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Mama Burger Paul's Daughter

Wet paint! Mama and Papa Burger on the roof of Paul’s Daughter on the Coney Island Boardwalk

Happy news for Memorial Day Weekend! Mama Burger is back on her feet and has been reunited with Papa Burger on the roof of Coney Boardwalk eatery Paul’s Daughter! The lovingly restored and freshly painted figures were seen in close proximity the other day ahead of being returned to their regular spots at either end of the rooftop.

While Papa Burger, an A & W Root Beer figure from the 1960s, has steadily anchored the western side of the building’s roof, Mama Burger had been flat on her back since Superstorm Sandy. The eight-foot-tall fiberglass figure got knocked over — at first she was thought to be missing— and her hamburger and beer mug blew away.

What else is new this season at Paul’s Daughter? The popular clam bar now serves oysters as well and has a roomy new outdoor seating area. The best lobster roll in Coney Island – delectable chunks of Maine lobster packed into a toasted bun – is being served again starting this weekend. Since the Mama Burger figure never got her lost burger back, maybe she should hold a lobster roll instead?

Paul’s Daughter is Tina Georgoulakos, whose father Paul aka “The Chief” co-founded the restaurant formerly known as Gregory & Paul’s in 1962 and still supervises its clam bar. The renovated building was originally one of hot dog inventor Charles Feltman’s restaurants and remains a masterpiece of vernacular signage.

Here’s Coney historian Charles Denson lunching on a lobster roll at Paul’s Daughter…

Thor Equities Rendering 2005

Flashback to an early rendering of the Vegas style shopping, entertainment, and hotel complex Joe Sitt first proposed for Coney Island. New York Magazine, 2005.

As part of the controversial Coney Island Rezoning of 2009, Thor Equities CEO Joe Sitt got Mayor Bloomberg to rezone his Surf Avenue property in the amusement area for hotels of up to 30 stories. A century old music hall fell to the wrecking ball and a generic looking retail building went up in its place but Thor’s hotels have yet to materialize. Now Sitt says he “needs some zoning changes” to build “a great big hotel” and a “stadium-style movie theater” on Stillwell and Bowery, according to a recent interview with NY1’s Jeanine Ramirez.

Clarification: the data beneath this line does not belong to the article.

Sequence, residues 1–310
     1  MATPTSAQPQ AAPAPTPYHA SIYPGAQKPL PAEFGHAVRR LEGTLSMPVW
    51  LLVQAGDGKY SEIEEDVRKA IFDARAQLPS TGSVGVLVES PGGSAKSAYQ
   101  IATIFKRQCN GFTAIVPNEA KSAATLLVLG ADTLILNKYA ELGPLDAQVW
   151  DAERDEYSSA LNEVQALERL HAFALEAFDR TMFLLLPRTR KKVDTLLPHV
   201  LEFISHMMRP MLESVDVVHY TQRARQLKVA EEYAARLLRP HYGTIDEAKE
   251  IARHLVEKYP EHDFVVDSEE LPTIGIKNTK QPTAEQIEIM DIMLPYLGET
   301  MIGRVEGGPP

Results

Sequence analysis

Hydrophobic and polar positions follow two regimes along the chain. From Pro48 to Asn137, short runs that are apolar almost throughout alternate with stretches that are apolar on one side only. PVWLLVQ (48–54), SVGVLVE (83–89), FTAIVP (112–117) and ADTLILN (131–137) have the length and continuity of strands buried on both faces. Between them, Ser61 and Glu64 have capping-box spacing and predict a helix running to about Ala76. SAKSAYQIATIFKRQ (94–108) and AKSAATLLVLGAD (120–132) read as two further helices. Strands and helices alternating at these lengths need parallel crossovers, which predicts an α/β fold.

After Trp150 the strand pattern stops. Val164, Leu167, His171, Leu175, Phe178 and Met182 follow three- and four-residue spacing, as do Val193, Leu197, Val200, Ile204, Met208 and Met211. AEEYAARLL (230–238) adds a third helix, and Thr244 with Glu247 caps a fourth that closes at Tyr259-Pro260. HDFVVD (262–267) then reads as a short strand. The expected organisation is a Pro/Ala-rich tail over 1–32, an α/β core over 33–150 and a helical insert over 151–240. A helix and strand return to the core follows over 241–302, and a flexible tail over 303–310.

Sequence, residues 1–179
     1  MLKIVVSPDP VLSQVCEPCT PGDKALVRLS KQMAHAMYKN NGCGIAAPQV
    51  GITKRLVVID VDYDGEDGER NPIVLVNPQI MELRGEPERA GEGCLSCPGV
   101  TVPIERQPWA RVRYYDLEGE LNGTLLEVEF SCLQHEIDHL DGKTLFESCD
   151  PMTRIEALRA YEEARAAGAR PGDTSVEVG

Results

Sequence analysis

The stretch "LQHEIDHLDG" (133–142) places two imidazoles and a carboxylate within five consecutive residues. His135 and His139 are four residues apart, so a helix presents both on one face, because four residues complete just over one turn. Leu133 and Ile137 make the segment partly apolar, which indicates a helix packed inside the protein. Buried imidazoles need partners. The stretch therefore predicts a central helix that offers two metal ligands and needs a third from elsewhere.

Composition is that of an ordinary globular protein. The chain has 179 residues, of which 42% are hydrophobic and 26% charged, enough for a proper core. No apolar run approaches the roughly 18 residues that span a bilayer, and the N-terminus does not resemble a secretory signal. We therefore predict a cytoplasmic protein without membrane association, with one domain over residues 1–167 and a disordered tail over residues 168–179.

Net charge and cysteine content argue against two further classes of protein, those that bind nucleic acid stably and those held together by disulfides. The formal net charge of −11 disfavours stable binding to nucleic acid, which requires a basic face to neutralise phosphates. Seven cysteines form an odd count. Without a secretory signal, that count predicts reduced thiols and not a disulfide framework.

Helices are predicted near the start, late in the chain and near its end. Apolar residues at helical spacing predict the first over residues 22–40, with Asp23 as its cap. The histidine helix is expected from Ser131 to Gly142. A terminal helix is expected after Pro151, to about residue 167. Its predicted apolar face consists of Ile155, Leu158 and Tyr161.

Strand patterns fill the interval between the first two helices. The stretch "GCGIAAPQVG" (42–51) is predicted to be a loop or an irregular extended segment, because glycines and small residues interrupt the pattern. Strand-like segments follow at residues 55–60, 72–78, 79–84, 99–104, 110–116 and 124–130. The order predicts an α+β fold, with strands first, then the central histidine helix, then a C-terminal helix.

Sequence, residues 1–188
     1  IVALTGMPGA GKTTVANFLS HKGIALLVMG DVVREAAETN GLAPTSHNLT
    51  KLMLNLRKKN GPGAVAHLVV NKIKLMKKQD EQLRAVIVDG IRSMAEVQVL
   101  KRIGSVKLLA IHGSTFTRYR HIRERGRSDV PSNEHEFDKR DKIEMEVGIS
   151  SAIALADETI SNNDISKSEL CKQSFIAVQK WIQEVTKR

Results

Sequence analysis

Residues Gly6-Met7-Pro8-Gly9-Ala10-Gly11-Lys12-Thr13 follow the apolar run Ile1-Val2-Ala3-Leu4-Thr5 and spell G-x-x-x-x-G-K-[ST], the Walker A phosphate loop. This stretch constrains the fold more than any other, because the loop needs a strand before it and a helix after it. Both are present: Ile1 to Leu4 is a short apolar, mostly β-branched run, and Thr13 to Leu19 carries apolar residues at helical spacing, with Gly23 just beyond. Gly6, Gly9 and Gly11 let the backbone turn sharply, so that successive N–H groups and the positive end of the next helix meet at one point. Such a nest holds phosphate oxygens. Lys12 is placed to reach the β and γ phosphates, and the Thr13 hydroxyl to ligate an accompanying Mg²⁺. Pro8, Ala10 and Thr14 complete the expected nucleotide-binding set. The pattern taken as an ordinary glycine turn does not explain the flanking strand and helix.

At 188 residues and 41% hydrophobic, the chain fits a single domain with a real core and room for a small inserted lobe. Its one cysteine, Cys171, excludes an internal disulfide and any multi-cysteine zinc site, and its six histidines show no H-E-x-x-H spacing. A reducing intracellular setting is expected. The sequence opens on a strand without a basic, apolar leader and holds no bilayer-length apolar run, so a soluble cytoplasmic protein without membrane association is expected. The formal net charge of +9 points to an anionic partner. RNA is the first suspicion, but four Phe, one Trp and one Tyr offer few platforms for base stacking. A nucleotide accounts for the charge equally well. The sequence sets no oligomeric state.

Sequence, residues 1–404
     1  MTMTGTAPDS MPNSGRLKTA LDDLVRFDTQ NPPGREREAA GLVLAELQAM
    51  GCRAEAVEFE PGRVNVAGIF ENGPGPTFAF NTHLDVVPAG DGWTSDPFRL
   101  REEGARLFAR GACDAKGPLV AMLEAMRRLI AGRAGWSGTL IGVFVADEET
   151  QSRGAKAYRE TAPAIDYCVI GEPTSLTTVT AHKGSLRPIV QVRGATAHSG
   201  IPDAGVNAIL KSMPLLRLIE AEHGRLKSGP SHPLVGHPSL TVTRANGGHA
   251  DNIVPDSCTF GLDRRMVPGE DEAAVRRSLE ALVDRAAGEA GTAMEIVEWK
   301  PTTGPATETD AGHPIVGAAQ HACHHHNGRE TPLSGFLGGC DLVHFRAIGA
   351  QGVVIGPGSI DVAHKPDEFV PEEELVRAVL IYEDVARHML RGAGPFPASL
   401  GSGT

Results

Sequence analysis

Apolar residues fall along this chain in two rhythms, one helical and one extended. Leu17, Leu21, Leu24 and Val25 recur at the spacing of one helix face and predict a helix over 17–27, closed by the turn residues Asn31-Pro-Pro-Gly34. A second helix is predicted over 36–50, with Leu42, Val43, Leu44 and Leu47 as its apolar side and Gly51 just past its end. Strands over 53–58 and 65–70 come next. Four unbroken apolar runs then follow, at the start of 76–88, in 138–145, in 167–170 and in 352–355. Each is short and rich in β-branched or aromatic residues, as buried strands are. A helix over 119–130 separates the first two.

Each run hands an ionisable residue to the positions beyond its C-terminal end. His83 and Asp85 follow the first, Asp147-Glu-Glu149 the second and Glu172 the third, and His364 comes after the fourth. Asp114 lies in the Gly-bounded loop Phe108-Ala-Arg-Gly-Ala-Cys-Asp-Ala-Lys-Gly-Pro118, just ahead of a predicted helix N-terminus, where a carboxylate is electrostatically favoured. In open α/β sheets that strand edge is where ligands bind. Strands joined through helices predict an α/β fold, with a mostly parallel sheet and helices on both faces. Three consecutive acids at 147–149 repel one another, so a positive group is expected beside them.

We were shocked to read this news since the lots between Stillwell and West 12th bordered by the Bowery and Wonder Wheel Way were rezoned by the City for amusements, open and enclosed, and entertainment retail, not high-rise hotels. Why were we not surprised? In 2012, Thor Equities sent out a flyer for leasing opportunities touting “Future Hotel” across from the Wonder Wheel and adjacent to Scream Zone and “Future Movie Theater” behind Nathan’s Famous. So this was Sitt’s plan after the rezoning and remains the plan, though the graphics vanished from Thor’s website a few years ago?

Thor Equities Flyer

Thor Equities Flyer from 2012 touts “Future Movie Theater” and “Future Hotel” on lots zoned for amusements and entertainment retail

Thor Equities’ long vacant lots are back to being labelled “Stillwell East” and “Stillwell West” on their website. West is home to the second season of Coney Art Walls. East is expected to host Go Karts and Mini Golf, which ATZ first reported as a rumor in April. It’s great news if it’s true and proof that everything old is new again in Coney Island. Go Karts and Mini Golf were among the amusements evicted by Thor’s CEO in 2006, when he bought this property where rides had existed for more than 100 years. ATZ’s advice is to enjoy these attractions while you can because Sitt regards them as temporary activation of the property.

In 2009, Joe Sitt got his zoning for high-rise hotels on Surf despite opposition from activists and advocacy groups  and the New York Times. “We like the Municipal Art Society’s idea of doubling the size of the amusement area and removing hotels from the south side of Surf Avenue. This way, when visitors get off the subway, they will meet sunlight and open air, not a high-rise barricade,” said a Times editorial published on the eve of the 2009 rezoning vote at the City Council. The other fear voiced at protests and public hearings was that the “hotels” would eventually be converted to condos, which were part of Sitt’s original plans.